In a Mere of 20 Years the Spaniards Were Forced Out from the Latin American Continent Ant the Different Colonies Gained Their Independence. How Could this Happen?

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GRIN Verlag, 2008 - 28 pages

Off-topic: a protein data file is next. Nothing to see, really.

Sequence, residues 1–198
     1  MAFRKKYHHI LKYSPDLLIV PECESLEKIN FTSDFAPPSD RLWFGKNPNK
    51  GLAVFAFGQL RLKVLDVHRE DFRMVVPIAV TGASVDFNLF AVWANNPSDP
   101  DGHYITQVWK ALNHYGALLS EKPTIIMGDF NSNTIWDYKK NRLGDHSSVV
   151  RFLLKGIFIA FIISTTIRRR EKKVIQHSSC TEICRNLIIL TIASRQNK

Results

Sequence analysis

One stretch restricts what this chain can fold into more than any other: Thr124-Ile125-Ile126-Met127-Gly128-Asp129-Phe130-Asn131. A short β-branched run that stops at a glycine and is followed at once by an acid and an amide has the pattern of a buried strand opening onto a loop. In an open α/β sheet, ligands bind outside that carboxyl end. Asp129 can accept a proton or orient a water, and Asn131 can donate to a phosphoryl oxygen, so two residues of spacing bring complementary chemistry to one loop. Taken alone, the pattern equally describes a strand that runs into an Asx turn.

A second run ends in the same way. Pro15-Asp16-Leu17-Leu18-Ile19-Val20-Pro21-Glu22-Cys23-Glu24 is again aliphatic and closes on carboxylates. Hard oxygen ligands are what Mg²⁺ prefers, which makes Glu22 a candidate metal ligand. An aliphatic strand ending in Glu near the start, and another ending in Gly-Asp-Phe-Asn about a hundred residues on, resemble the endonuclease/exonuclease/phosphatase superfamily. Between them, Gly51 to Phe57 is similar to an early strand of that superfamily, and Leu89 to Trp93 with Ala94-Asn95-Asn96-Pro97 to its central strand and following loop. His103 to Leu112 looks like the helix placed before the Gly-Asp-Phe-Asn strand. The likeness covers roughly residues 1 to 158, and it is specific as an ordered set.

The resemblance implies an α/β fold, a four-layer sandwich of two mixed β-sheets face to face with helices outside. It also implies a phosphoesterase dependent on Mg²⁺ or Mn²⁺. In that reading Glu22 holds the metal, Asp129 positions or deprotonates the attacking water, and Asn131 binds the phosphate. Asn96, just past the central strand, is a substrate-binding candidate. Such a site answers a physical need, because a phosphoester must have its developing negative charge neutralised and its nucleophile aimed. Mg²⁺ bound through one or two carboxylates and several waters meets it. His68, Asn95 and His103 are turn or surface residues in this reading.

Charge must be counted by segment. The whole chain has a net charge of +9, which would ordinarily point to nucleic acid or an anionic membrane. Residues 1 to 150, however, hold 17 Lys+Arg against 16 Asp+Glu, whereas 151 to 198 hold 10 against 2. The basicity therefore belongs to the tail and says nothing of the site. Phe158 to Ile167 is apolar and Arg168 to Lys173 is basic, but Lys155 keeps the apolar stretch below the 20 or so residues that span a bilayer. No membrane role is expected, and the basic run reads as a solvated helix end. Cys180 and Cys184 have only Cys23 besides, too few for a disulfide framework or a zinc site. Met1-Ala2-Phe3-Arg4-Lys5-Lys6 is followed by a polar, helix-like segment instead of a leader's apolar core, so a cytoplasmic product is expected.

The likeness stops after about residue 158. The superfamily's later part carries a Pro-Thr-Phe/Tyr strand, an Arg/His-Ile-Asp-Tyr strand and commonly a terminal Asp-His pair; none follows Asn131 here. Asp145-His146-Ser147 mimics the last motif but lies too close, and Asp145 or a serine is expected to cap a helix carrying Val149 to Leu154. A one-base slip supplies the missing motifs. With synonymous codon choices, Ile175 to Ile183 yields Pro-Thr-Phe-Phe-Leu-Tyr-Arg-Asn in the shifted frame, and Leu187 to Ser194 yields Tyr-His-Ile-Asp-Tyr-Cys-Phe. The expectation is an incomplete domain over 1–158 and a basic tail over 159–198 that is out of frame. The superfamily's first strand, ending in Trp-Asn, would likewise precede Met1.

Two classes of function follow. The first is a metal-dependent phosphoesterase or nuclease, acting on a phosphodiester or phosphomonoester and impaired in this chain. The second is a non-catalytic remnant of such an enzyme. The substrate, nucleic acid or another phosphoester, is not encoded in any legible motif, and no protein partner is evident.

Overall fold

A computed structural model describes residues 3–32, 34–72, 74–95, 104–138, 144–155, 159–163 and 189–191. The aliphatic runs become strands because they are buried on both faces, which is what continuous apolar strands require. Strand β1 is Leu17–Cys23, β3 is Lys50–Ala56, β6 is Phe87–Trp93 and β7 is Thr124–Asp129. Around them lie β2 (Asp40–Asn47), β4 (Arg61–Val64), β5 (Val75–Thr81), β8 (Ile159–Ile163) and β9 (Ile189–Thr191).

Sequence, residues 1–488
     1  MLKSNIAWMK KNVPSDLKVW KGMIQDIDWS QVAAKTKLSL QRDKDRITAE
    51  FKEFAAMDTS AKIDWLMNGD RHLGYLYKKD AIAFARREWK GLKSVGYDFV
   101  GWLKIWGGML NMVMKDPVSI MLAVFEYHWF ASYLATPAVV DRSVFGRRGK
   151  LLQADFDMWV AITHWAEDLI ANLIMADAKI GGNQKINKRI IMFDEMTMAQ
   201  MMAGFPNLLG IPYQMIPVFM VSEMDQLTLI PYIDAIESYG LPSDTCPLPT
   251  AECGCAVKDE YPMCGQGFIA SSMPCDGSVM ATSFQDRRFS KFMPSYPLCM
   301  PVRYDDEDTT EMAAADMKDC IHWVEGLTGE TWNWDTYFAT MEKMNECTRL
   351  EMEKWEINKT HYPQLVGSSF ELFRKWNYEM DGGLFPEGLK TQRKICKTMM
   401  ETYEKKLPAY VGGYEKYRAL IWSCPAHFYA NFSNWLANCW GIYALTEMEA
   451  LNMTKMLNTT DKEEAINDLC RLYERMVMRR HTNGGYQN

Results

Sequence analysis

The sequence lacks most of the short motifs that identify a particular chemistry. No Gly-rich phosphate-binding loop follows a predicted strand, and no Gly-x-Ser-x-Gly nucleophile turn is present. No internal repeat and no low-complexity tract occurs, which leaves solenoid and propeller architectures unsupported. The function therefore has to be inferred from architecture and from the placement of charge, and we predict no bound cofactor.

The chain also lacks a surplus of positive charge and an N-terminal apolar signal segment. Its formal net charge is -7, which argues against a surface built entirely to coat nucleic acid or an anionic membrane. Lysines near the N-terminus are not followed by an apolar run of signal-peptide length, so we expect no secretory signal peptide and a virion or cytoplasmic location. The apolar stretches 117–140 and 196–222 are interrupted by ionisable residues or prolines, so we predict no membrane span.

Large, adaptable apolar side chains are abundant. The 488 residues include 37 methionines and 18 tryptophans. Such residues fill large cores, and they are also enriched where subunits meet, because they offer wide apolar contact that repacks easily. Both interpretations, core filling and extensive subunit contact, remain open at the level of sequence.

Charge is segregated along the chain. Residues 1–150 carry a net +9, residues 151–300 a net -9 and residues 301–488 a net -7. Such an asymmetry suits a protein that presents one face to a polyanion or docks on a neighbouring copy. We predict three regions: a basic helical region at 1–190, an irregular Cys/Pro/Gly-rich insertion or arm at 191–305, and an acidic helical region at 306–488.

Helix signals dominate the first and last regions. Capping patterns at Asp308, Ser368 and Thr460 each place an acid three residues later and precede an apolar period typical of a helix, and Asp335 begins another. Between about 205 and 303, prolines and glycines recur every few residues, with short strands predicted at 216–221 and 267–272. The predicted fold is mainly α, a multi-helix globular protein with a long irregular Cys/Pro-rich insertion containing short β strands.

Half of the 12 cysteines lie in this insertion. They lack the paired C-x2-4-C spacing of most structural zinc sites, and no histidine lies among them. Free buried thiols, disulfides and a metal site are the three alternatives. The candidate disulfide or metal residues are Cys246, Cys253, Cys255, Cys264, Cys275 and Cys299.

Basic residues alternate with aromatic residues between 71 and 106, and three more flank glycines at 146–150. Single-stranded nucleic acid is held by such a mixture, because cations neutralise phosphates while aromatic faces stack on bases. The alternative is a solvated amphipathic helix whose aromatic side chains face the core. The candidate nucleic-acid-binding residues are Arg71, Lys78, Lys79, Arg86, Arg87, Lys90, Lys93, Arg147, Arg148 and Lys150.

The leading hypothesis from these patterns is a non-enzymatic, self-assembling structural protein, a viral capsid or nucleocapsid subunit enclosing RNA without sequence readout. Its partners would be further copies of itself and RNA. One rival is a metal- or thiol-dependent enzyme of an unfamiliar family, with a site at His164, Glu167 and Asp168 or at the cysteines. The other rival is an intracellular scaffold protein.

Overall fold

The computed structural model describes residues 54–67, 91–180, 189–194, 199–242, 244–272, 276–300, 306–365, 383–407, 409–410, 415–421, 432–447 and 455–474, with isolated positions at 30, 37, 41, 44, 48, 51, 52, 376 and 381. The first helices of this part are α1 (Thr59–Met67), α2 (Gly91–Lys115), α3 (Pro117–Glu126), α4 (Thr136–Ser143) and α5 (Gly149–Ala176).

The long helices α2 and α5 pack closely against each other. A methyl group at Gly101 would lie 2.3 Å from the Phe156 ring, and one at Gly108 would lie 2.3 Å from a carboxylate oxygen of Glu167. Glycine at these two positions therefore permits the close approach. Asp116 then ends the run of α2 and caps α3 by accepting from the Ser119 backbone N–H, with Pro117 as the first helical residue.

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Essay from the year 2002 in the subject Romance Languages - Latin American Studies, grade: 2 (B), University College Cork (History), course: Spanish America, language: English, abstract: There were several reasons which caused the independence movement of the Latin American colonies. There was not only one reason but a whole development over decades and even centuries which led to the independent struggles. Therefore it would not be correct to start the explanation with the rebellions at the beginning of the nineteenth century but we must go back in history a great deal to find out about the backgrounds, about the reasons, why there was such a dissatisfaction, such an unhappiness in the Latin American population. There was a shutter reason but a lot of more or less small factors also played an important role. The mixture of the races led to the development of the mestizos, mulatos and zambos. The Spaniards who were born in the New World, the Creoles, were also seen as something different form Spaniards. There was constant tension between Spaniards and people who were born on the American continent. In fact the whole Spanish administration was undermined from the beginning, as the Creoles were not allowed to take part in it. The weakening of the Spanish Kings and the motherland in general also played an important role. "The American and French revolution in the late 1700s helped to ignite a revolt against European colonial powers."1 And finally the fact that at the beginning of the nineteenth century two different people (Joseph Bonaparte and Ferdinand VII) seemed to gave orders to the administration of the motherland and the colonies, which caused confusion and disagreement in South America. So the reaction on the restorment of Ferdinand as absolute monarch was not the only reason for the final rebellions at the beginning of the nineteenth century, but there were a lot of earlier tensions which by this time came to a high point.
 

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